How settlers abused financial guardianship in the Osage Nation
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Every month, “Marketplace Morning Report” watches one film with economic or money themes as part of our Econ Extra Credit project. For November, we’re watching “Killers of the Flower Moon,” which tells the story of the Osage Nation of Oklahoma in the early 20th century, and how its people were subject to exploitation and murder at the hands of settlers stealing their wealth.
The Osage Indian Reservation was oil rich, and this led to immense wealth for the tribe. But, as the film depicts, Osages were actually restricted from managing or spending the money as they wished. Instead, financial guardians were put in charge of much of this money, because government policies deemed Osages unable to mange it themselves. And these financial guardianships were rife with corruption and theft.
Allison Herrera is a senior reporter for the investigative journalism outfit APM Reports, which is owned by the same parent company as Marketplace. She covers Indigenous Affairs, and her work can also be heard on the podcast from Bloomberg called “In Trust.” Herrera spoke with “Marketplace Morning Report” host Sabri Ben-Achour, and the following is an edited transcript of their interview.
Sabri Ben-Achour: There is this legal concept of “guardianship.” People might be familiar with this from the story of Britney Spears, after she fought to have her guardian removed a couple years ago. But this is basically somebody else being granted the authority to tell you how you can and cannot spend your money. It has a long legal history, which we see in “Killers of the Flower Moon.” Can you explain what we see there?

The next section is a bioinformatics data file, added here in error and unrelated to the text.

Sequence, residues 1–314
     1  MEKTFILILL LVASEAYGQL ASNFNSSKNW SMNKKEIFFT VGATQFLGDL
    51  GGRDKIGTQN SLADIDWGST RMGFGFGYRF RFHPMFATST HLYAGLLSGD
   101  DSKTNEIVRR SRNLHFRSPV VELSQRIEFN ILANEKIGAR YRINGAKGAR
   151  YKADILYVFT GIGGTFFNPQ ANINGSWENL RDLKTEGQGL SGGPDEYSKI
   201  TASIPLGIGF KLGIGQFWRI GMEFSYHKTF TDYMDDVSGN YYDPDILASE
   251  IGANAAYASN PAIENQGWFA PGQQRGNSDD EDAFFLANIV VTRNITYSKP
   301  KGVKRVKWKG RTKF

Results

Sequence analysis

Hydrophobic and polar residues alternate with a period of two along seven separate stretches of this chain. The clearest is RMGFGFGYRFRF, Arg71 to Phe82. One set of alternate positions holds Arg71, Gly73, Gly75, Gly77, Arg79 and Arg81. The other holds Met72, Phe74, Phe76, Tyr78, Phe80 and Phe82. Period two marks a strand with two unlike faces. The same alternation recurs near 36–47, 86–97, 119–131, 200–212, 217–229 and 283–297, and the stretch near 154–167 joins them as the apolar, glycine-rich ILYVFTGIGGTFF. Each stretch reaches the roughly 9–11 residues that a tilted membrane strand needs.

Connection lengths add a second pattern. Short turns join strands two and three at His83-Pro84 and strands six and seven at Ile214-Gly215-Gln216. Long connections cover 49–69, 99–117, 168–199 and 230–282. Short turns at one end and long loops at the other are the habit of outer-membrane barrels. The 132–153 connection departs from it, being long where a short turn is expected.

Allison Herrera: Yes, guardianships stem from this racist, paternalistic policy that was put in place by the federal government in the early 20th century that basically deemed Native people incompetent to run their own affairs and manage their own money. The policy was first implemented, ultimately, to protect Osages from being exploited by non-Indians, but it ended up not being that way. So in 1912, the United States government passed this law that said Osage citizens who are more than half blood were deemed incompetent. Or you may remember a scene from the film “Killers of the Flower Moon” where Mollie Burkhart has to go into the office and she has to read off her allotment number and say “incompetent.” And so that’s basically the system that people operated under. [Terry P. Wilson’s 1985 book, “The Underground Reservation,”] said that 18 years after the Osage Nation was allotted, white guardians were paid more than $8 million from their own Osage ward accounts. I haven’t adjusted that for inflation, but that’s a lot of money.
Ben-Achour: What kind of legal landscape developed around this?
Herrera: So that’s a really good question. And this goes back to Oklahoma statehood. There was an act that was put in place called the Oklahoma Enabling Act. And what this did was it made a lot of provisions and laws for Oklahoma to enter into the union. And the act laid out that in matters of Indian affairs, that was to be left between the federal government, because of the trust responsibility it has for tribal nations. But shortly after statehood, in 1907, you had all of these businessmen, these landowners, cattlemen, that lobbied really hard to give local courts and judges in eastern Oklahoma control over probates and wills and estates. And that allowed for judges to appoint their friends and family as guardians over these Osages. And in 1924, another congressional hearing that I read, it was held over headright payments and guardianships. And Chief Bacon Rind, the former chief of the Osage at that time, complained to the commissioner about guardianships and the payment restrictions, and said that it just unfairly put a target on Osages backs.